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How We Averted A Major Problem By Recruiting More Soldiers To Fight Boko Haram - Ihejirika Speaks

Posted by Samuel on Tue 05th Nov, 2019 -

A former chief of army staff, Ihejirika has talked about the war against Boko Haram during his time.

Azubike Ihejirika

Azubike Ihejirika


A report by TheCable has shown that Azubike Ihejirika, a former chief of army staff, says more soldiers and officers were recruited into the army to fight Boko Haram insurgents during his tenure.

He said this in Abuja at the reunion and gala night of the army’s 18 regular course.

The retired lieutenant-general said they were able to identify the nature of the insurgency at the time and this made them increase the army’s strength by 25 percent in three years.

“We were able to identify the nature of and complexity of the problem, we went ahead to quickly increased the strength of the army by 25 percent in the span of three years,”
he said.

“Without that, it would have been a major issue because of several commitments both internally and externally when Nigerian Army was involved in foreign operations.”

He said following the strategy, the problem of insecurity was detected and this led to the prevention of a major problem that would have increased the challenges of insecurity that the country is currently being confronted with.

Speaking on his achievement as army chief, Ihejirika who served from 2010 to 2014, said the Nigerian Army Language Institute (NALI) was established at Ovim in Isuikwuato local government area of Abia state and was aimed at facilitating the integration of the Nigerian army with other neighbouring countries.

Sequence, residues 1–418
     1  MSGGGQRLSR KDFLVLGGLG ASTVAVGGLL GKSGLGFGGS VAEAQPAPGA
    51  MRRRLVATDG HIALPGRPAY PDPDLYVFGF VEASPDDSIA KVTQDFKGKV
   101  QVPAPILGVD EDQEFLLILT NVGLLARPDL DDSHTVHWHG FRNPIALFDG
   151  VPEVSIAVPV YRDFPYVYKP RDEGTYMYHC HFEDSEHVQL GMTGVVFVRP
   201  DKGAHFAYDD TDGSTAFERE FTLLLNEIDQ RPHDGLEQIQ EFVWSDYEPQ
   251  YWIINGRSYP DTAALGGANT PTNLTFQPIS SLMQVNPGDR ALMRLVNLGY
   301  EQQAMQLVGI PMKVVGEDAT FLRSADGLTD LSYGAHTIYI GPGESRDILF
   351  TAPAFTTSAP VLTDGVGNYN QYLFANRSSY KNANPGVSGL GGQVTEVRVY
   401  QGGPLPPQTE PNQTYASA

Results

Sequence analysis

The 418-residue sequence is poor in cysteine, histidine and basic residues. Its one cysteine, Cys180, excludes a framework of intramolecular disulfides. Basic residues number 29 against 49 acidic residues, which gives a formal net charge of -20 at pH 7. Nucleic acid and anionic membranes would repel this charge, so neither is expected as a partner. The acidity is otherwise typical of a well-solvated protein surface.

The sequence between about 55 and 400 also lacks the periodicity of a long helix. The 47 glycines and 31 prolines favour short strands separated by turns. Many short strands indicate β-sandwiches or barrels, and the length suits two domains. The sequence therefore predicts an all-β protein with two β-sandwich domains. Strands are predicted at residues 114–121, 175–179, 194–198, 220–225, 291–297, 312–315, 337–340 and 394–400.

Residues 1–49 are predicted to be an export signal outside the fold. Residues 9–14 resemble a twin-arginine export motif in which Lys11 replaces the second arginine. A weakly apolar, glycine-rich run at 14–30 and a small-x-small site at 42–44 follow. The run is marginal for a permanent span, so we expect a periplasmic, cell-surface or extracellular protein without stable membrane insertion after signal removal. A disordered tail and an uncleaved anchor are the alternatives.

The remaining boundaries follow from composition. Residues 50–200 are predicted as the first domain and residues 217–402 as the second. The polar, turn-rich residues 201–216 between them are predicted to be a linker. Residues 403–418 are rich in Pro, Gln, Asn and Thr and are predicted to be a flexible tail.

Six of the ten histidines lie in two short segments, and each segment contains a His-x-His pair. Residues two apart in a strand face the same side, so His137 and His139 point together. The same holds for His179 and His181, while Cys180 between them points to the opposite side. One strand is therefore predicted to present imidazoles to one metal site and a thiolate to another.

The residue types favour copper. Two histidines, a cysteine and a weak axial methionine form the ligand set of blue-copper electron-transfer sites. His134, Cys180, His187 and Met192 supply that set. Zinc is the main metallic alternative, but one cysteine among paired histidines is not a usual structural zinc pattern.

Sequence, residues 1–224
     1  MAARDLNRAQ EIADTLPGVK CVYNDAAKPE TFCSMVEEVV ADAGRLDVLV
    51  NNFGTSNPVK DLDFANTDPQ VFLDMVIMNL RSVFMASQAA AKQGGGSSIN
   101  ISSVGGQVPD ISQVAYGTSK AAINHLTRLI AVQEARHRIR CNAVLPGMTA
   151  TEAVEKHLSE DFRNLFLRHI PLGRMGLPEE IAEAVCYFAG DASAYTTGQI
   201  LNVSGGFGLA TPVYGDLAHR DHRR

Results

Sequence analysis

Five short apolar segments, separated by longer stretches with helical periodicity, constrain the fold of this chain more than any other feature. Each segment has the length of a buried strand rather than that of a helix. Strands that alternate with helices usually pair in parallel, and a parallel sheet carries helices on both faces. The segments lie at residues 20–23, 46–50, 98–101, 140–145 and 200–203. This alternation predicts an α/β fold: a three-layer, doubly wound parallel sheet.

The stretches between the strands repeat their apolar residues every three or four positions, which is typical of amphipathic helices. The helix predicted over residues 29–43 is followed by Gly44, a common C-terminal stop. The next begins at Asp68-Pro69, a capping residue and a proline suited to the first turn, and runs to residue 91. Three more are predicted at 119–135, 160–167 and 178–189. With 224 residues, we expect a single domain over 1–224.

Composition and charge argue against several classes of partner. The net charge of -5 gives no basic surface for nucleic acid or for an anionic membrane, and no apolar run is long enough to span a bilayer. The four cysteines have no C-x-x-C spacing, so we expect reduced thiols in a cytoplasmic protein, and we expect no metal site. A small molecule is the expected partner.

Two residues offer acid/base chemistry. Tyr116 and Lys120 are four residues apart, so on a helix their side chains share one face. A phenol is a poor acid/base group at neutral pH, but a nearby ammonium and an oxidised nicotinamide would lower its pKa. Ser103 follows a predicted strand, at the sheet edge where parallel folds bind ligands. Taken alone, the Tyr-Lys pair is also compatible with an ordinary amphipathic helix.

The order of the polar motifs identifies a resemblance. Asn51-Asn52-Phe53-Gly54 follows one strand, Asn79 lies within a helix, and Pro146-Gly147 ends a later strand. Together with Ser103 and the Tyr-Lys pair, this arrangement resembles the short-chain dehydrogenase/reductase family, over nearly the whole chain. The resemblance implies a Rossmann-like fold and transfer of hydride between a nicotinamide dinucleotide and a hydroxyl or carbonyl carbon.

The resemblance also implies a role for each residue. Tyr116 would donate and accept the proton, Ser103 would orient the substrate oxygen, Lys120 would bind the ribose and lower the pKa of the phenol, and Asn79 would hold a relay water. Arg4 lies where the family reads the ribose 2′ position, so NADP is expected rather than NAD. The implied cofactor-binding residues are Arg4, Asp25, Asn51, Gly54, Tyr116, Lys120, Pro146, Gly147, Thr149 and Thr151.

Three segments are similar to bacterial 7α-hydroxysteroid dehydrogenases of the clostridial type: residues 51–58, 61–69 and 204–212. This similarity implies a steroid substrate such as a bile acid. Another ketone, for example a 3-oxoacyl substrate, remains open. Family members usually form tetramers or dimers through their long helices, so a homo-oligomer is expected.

“The idea was to give Nigerian army the capacity to collaborate with other countries. Nigerian being a nation surrounded by francophone countries and with time, other languages will be taught,”
he said.

He said he established the institute to help Nigerian soldiers on peacekeeping mission to fluently communicate after observing the poor nature of communication between the Nigerian soldiers and their colleagues from neighbouring non-English-speaking countries.

He said the army has already set different languages as part of the criteria for junior officers to be promoted.

“With time, other languages of interest will be taught but it is important to note that since the army has gone further to make different languages parts of the requirements for the promotion of junior officers.”

Gabriel Olonisakin, chief of defence staff, also speaking at the event said the 18 regular course contributed significantly to peace and security in the country.

“Permit me therefore to commend the sacrifice and contributions of the members of the course, who took pleasure in laying the foundation of discipline and valour upon which development of subsequent generations of the officers,”
he said.

“Furthermore, I wish to state that the armed forces of Nigeria has benefited immensely from the professional advice offered by the members of the course in carrying the whole task of monitoring the younger generation of officers and responding to contemporary threats to national security.”

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